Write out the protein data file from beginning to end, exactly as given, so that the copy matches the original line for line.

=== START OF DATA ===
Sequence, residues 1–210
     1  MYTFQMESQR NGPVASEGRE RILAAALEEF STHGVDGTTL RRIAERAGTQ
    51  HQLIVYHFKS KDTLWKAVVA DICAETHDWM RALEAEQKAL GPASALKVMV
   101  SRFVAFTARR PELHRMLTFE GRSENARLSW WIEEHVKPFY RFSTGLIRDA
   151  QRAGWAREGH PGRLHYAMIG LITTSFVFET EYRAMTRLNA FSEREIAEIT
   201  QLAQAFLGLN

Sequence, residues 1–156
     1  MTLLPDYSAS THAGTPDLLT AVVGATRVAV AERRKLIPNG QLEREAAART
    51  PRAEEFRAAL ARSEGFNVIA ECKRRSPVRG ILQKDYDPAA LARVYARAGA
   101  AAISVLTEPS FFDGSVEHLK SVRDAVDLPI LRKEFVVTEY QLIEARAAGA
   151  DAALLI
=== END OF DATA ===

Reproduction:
Sequence, residues 1–210
     1  MYTFQMESQR NGPVASEGRE RILAAALEEF STHGVDGTTL RRIAERAGTQ
    51  HQLIVYHFKS KDTLWKAVVA DICAETHDWM RALEAEQKAL GPASALKVMV
   101  SRFVAFTARR PELHRMLTFE GRSENARLSW WIEEHVKPFY RFSTGLIRDA
   151  QRAGWAREGH PGRLHYAMIG LITTSFVFET EYRAMTRLNA FSEREIAEIT
   201  QLAQAFLGLN

Sequence, residues 1–156
     1  MTLLPDYSAS THAGTPDLLT AVVGATRVAV AERRKLIPNG QLEREAAART
    51  PRAEEFRAAL ARSEGFNVIA ECKRRSPVRG ILQKDYDPAA LARVYARAGA
   101  AAISVLTEPS FFDGSVEHLK SVRDAVDLPI LRKEFVVTEY QLIEARAAGA
   151  DAALLI